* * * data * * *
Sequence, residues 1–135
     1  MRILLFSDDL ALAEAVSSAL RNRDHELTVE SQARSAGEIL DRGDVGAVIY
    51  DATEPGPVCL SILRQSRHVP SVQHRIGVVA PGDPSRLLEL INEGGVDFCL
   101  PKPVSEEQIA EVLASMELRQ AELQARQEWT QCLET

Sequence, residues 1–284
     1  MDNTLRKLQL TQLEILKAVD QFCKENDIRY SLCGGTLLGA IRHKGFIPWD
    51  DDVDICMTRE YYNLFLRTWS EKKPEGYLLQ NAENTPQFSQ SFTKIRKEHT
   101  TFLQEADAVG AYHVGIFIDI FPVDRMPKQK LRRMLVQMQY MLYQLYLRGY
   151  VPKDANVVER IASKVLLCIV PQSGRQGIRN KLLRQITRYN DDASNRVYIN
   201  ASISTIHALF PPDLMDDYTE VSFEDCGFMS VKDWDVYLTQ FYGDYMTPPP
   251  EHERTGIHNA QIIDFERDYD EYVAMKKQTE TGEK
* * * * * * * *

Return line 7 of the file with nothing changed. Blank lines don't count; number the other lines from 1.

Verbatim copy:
    51  DDVDICMTRE YYNLFLRTWS EKKPEGYLLQ NAENTPQFSQ SFTKIRKEHT